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How Delta Is Tackling 3 Big Business Risks

By Asit Sharma - Updated Jan 16, 2020 at 7:26PM

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The global carrier is trimming its exposure as its operations improve.

Delta Air Lines (DAL -3.46%) enjoyed a solid 3% bump in its share price on Wednesday, after reporting fourth-quarter 2019 earnings that included an impressive revenue advance of 6.5% to $11.4 billion, and an accompanying 7.8% improvement in net income, to $1.1 billion. But in line with other airline carriers, Delta has yet to command a premium to the market: Shares trade at just 8 times forward earnings. 

Why hasn't vibrant earnings power been reflected in Delta's stock price? Part of investors' hesitation can be traced to a fear that the cyclical airline business will be one of the first industries to suffer should the U.S. economy slip into a recession. Delta has managed, however, to alleviate some of the risk associated with a cyclical downturn. Here, we'll discuss two of Delta's actions that will mitigate the impact of a potential economic slowdown, as well as its work on one additional general business risk, using comments drawn from the company's post-earnings conference call on Tuesday.

1. The risk posed by long-term debt

Delta's investment-grade balance sheet remains an important competitive advantage. Including the debt we raised during the quarter, our leverage ratio was 1.7 times at year-end. This puts us at the low end of our targeted adjusted debt-to-EBITDAR range of 1.5 to 2.5 times.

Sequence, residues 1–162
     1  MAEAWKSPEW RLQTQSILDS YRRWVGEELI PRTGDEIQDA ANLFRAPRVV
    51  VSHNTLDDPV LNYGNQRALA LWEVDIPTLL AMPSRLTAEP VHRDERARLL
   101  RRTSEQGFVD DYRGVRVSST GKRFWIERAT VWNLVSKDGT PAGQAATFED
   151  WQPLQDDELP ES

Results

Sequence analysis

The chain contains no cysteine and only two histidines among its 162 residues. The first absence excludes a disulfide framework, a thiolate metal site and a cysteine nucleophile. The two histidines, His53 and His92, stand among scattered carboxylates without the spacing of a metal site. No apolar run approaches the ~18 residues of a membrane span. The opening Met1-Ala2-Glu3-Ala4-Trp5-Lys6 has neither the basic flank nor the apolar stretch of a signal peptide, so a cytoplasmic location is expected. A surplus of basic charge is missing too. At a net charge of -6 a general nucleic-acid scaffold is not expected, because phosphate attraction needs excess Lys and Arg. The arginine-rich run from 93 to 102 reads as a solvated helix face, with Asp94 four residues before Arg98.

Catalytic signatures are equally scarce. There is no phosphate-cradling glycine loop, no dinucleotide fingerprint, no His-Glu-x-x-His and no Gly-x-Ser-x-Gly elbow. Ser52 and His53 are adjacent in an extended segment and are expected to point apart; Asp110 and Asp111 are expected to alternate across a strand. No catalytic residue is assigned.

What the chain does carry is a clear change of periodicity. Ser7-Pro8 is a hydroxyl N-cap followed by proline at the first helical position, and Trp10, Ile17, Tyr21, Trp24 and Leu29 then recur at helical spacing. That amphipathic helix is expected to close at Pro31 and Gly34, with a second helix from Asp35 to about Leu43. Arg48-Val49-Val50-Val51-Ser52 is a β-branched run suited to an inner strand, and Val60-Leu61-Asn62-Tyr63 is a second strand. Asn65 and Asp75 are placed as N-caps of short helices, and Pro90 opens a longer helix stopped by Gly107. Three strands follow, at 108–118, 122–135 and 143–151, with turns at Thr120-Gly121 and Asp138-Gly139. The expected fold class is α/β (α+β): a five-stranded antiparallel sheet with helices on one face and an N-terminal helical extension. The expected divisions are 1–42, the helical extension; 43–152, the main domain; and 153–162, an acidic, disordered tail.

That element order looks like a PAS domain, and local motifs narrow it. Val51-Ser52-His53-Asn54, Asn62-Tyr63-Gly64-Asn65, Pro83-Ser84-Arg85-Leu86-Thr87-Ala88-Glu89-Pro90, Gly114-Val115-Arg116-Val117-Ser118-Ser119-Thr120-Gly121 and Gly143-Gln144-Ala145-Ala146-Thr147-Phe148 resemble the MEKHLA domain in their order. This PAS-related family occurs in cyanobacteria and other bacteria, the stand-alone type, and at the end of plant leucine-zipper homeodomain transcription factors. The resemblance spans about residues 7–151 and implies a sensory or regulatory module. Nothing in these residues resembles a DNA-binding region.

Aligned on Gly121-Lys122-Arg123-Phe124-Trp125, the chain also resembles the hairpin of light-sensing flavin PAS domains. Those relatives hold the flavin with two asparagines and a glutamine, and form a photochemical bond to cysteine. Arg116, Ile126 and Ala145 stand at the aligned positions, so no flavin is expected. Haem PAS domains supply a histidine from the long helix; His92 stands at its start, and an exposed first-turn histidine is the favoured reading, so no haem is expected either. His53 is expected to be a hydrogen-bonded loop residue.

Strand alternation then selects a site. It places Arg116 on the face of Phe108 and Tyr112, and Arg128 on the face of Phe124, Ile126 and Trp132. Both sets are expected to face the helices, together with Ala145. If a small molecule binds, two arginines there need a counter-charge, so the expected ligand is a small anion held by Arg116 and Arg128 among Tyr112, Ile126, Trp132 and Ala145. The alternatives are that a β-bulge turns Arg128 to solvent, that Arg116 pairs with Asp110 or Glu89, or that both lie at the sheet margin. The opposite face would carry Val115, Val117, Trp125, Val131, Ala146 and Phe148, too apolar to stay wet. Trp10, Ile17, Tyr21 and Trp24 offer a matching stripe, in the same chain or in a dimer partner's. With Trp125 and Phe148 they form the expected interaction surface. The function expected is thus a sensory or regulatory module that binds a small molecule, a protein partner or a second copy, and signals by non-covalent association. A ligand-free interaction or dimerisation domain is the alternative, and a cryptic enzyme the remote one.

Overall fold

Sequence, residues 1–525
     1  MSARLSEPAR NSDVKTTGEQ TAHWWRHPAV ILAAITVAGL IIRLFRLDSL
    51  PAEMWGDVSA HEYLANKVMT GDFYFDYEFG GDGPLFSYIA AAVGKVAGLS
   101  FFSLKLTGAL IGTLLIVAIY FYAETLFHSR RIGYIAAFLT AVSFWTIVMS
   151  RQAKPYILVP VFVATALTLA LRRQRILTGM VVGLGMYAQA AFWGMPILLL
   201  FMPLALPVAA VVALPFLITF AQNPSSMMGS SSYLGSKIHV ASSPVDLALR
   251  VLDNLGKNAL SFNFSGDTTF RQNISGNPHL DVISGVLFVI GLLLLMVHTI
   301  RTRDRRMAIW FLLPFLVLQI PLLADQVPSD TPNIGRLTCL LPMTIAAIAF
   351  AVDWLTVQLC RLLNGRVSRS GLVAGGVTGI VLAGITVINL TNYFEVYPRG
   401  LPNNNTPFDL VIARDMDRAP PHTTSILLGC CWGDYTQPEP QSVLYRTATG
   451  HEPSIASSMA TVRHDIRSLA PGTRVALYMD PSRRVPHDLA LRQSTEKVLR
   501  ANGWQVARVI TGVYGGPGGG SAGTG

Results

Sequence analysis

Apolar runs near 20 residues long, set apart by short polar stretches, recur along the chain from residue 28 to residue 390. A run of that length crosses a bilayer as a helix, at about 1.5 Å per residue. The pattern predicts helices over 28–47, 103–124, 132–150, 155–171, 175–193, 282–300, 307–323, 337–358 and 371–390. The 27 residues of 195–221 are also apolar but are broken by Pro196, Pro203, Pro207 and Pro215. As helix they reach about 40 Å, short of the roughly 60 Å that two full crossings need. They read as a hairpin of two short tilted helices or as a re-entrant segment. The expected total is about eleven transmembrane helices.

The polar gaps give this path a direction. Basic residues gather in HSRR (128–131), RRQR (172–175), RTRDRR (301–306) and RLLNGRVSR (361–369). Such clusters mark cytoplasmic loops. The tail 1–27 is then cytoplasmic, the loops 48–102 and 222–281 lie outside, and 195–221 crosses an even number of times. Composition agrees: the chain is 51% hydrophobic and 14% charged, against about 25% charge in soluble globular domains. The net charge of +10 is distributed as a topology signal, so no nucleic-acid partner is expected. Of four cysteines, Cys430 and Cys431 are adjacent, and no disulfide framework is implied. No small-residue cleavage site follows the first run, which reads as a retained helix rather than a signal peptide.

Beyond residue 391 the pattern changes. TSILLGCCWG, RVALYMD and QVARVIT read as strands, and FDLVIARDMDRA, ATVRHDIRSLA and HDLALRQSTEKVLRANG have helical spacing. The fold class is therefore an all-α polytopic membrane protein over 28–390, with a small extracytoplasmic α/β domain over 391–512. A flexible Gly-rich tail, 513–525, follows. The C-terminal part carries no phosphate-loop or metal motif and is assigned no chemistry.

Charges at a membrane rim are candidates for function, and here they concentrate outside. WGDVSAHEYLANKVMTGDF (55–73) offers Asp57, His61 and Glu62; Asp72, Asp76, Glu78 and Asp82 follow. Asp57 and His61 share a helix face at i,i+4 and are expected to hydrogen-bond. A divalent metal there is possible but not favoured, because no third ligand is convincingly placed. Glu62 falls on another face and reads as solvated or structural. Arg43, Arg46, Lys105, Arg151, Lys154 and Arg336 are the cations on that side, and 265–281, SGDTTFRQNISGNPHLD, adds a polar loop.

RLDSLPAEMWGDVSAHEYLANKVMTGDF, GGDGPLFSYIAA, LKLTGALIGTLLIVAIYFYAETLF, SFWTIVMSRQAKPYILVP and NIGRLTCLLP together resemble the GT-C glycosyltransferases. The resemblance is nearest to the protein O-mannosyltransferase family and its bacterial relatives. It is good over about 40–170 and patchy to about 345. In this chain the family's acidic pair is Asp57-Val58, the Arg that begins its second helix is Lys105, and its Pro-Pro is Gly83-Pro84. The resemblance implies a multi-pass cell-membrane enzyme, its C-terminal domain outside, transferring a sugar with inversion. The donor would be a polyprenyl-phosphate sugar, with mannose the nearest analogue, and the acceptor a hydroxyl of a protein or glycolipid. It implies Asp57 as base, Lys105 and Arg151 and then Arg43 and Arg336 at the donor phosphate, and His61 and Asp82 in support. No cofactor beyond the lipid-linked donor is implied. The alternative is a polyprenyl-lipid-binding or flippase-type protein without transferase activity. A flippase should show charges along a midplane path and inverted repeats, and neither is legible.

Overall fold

-- Paul Jacobson, CFO

As airlines build capacity, they tend to load up their balance sheets with long-term debt, and when the industry hits one of its cyclical troughs, declining cash flows often can't meet required debt service, leading to serial airline bankruptcies.

Delta has been fairly careful about adding leverage to its balance sheet. The company's financial debt-to-equity ratio has hovered in a safe zone of 20% to 30% over the past five years. As Jacobson says, Delta's adjusted debt-to-EBITDAR ratio indicates moderate leverage and sits at the lower end of management's debt tolerance range. "EBITDAR" is simply a variation of EBITDA that adds rent (operating-lease payments) back to earnings. Hence the "R" tacked onto EBITDA.

Abundant cash flow from operations is a primary factor in Delta's ability to avoid crippling debt, and it's helped make it one of the few major airlines to carry the enviable "investment grade" label bestowed by major ratings agencies, as Jacobson alludes to. The carrier has generated a cool $8.5 billion in operating cash flow over the trailing 12 months. 

An airplane takes off from a runway.

Image source: Getty Images.

2. Retirement obligation risk

[W]e are actively managing our obligation through a combination of funding and asset returns. In the December quarter, we contributed an incremental $500 million of voluntary contributions into the plan, bringing elective contributions in 2019 to $1 billion. For the year, planned asset returns were about 19.5%, fueled by strength in the U.S. equity markets, which will drive favorability in our 2020 pension expense.